Early citation advantage?

Stevan Harnad harnad at ECS.SOTON.AC.UK
Tue Jun 27 13:06:54 EDT 2006

Readers may want to see the commentaries on the Davis & Fromerth (2007) article at:

In summary, no study has yet succeeded in eliminating the possibility of
some Self-selection Bias contributing to the Open Access (OA) citation
advantage, but no study has shown that all or most of the OA citation
advantage is dues to Self-selection Bias either. (Self-selection Bias,
SB, or Quality Bias, QB, would occur if authors selectively tended to
self-archive the articles that they felt were of higher quality. Eysenbach
(2006) asked authors whether this was the case, and they said no, but
of course that doesn't quite settle the matter either!

In particular, Davis & Fromerth certainly have not settled the
matter. They found no Early Access advantage in the subset of journals
in mathematics that they analysed, and this could well be, for a
long-turn-around-time discipline like mathematics, compared to shorter
turnaround fields like physics and biology (though subfields differences
might over-ride this in some cases).

Davis & Fromerth also showed that in his sample of math journals,
articles deposited in Arxiv (hence OA) had 35% more citations than non-OA
articles, and that the proportion of OA to non-OA articles was bigger for
more highly cited articles. That certainly doesn't demonstrate that
the OA advantage is due to self-selection! It is just as likely that the
advantage of being OA is greater for higher quality articles! (Conversely,
for low quality articles, making them more accessible won't help!) (We
found the same correlation in our studies of a million and a half articles
across 12 years and 10 different disciplines):

    Hajjem, C., Harnad, S. and Gingras, Y. (2005) Ten-Year
    Cross-Disciplinary Comparison of the Growth of Open Access and How
    it Increases Research Citation Impact. IEEE Data Engineering Bulletin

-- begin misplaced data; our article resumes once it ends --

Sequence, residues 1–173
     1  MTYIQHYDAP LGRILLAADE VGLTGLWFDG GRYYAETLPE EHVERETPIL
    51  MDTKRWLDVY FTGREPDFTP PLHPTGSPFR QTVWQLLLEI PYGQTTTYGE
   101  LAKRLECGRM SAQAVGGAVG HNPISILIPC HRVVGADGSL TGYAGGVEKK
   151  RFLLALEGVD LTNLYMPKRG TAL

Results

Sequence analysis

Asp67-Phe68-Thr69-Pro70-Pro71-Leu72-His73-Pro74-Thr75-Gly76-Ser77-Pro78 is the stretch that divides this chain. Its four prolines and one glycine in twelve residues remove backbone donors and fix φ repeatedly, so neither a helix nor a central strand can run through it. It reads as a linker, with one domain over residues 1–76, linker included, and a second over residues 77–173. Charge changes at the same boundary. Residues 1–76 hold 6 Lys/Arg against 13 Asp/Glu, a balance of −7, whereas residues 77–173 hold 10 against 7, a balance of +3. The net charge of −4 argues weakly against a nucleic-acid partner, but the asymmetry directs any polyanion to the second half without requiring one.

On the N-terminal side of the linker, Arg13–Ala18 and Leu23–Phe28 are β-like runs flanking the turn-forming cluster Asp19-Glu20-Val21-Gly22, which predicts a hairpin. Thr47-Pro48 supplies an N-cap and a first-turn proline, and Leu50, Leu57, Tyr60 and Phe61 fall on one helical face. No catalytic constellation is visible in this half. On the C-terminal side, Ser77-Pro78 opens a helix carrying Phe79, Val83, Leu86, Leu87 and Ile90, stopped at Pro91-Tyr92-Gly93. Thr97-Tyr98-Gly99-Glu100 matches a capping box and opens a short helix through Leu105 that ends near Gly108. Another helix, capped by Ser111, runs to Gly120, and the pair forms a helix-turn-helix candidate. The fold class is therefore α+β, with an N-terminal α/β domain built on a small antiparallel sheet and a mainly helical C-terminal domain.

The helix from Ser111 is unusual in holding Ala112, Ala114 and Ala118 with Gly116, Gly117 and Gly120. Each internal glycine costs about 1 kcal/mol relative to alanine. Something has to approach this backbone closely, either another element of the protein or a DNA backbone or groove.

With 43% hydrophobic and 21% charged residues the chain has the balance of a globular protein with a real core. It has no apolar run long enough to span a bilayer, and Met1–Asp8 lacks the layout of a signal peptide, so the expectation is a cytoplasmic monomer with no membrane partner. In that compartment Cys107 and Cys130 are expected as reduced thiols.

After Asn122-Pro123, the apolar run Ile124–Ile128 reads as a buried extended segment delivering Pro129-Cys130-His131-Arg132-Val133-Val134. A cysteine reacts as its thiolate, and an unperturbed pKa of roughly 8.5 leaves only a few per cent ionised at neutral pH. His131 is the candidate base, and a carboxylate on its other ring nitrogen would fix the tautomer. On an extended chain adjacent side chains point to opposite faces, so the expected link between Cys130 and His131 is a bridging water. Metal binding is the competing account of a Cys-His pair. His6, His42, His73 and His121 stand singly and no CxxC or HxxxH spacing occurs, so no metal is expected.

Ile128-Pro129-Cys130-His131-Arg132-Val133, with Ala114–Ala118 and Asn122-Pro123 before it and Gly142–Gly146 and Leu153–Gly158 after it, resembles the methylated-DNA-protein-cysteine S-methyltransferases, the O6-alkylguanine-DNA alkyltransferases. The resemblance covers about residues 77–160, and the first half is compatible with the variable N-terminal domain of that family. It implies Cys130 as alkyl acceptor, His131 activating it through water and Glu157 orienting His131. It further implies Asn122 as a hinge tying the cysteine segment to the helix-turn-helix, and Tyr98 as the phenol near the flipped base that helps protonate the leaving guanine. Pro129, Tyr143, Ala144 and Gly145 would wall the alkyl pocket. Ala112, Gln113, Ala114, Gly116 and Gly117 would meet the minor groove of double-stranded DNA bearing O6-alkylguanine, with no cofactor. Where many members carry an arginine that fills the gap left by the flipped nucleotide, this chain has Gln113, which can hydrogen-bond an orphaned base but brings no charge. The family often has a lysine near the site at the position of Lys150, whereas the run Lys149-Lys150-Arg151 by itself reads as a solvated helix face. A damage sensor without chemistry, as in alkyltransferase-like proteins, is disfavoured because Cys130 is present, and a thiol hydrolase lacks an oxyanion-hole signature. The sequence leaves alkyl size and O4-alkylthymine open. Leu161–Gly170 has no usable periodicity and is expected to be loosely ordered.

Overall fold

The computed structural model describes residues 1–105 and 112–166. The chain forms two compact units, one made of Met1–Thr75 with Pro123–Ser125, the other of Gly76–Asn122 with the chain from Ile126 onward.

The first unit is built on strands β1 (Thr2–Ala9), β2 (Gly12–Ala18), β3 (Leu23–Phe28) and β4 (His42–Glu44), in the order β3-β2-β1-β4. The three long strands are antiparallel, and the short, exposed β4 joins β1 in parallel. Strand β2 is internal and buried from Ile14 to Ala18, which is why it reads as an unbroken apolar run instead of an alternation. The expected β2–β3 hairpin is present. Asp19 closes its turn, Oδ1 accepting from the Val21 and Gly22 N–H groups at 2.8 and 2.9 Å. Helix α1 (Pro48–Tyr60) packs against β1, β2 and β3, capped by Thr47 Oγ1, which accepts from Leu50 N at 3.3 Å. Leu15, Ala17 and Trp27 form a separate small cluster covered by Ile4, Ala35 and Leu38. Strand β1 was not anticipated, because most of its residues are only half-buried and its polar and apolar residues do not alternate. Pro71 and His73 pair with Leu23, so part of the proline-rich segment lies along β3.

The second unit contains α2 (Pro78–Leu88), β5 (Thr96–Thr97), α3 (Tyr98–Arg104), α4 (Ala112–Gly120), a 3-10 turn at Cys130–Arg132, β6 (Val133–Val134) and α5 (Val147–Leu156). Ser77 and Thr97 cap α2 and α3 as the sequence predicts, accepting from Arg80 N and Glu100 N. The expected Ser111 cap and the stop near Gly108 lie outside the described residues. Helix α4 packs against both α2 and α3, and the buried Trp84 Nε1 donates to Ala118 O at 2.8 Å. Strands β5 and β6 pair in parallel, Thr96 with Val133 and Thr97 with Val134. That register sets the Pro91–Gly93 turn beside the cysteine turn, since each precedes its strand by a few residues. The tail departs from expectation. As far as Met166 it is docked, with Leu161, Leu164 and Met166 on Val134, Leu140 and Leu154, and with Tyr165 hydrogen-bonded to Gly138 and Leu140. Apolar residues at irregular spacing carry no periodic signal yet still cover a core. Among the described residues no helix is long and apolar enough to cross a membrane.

28(4) pp. 39-47.

But because Arxiv is a central archive with a 15-year history of joint usage by the
field, the OA advantage is confounded with what Michael Kurtz has called the "Arxiv
advantage" (AA): Many users will prefer to consult the Arxiv version rather than the
publisher's version, even when they have subscription access to the publisher's
version, because they prefer a one-stop-shop. The Arxiv advantage probably explains
the lower number of downloads at the publisher's site for papers self-archived in

    Harnad, S. (2005) OA Impact Advantage = EA + (AA) + (QB) + QA + (CA) + UA.

Stevan Harnad

On Tue, 27 Jun 2006, Phil Davis wrote:

> In our study of math articles deposited in the arXiv, we could not detect
> an Early View advantage.  Mathematics articles have very long citation
> half-lives and don't get cited nearly as often as biomedical articles, so
> the effect may be there, but just not detectable in our dataset.  There
> were stronger explanatory variables to explain the citation advantage. See:
> Does the arXiv lead to higher citations and reduced publisher downloads for
> mathematics articles?
> Philip M. Davis and Michael J. Fromerth
> Scientometrics (2007 forthcoming) http://arxiv.org/pdf/cs.DL/0603056
> An analysis of 2,765 articles published in four math journals from 1997 to
> 2005 indicated that articles deposited in the arXiv received 35% more
> citations on average than non-deposited articles (an advantage of about 1.1
> citations per article), and that this difference was most pronounced for
> highly-cited articles. The most plausible explanation is not Open Access or
> Early View, but Self-Selection, which has led to higher quality articles
> being deposited in the arXiv. Yet in spite of their citation advantage,
> arXiv-deposited articles received 23% fewer downloads from the publisher's
> website (about 10 fewer downloads per article) in all but the most recent
> two years after publication. The data suggest that arXiv and the
> publisher's website may be fulfilling distinct functional needs of the reader.

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